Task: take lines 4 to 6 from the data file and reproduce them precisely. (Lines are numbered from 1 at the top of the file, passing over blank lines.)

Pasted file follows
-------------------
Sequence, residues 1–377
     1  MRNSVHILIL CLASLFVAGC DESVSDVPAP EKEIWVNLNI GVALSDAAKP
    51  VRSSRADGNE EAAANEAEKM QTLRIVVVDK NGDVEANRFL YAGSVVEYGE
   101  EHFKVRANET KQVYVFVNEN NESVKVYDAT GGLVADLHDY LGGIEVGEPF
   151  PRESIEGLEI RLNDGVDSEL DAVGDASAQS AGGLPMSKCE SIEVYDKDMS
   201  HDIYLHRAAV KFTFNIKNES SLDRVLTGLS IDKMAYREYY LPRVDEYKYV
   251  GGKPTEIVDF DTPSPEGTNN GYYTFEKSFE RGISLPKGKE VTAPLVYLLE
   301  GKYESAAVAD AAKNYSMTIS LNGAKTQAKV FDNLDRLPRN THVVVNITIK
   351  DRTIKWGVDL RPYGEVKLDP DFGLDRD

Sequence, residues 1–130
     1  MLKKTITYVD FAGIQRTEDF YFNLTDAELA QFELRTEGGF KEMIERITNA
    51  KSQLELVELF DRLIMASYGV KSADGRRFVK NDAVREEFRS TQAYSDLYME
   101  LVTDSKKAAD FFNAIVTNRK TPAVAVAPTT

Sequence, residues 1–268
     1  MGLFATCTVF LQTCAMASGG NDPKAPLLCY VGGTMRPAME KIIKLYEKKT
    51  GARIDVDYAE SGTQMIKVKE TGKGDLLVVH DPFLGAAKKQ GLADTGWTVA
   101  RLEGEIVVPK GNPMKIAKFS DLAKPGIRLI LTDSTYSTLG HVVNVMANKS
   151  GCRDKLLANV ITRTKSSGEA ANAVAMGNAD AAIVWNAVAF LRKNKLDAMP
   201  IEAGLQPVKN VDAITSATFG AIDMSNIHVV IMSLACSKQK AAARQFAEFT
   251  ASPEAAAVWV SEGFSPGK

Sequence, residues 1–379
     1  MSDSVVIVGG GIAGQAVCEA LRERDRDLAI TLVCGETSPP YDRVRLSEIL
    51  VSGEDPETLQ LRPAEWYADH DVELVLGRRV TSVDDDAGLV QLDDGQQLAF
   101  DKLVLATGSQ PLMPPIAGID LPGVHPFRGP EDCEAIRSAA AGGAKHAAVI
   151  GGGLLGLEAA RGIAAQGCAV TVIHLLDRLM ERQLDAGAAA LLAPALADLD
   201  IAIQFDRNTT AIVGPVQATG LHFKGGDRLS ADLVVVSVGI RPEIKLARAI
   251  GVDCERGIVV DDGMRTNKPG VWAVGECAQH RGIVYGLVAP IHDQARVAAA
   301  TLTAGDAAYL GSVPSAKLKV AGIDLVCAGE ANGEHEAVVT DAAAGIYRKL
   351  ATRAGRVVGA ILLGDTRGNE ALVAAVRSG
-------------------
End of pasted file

   101  EHFKVRANET KQVYVFVNEN NESVKVYDAT GGLVADLHDY LGGIEVGEPF
   151  PRESIEGLEI RLNDGVDSEL DAVGDASAQS AGGLPMSKCE SIEVYDKDMS
   201  HDIYLHRAAV KFTFNIKNES SLDRVLTGLS IDKMAYREYY LPRVDEYKYV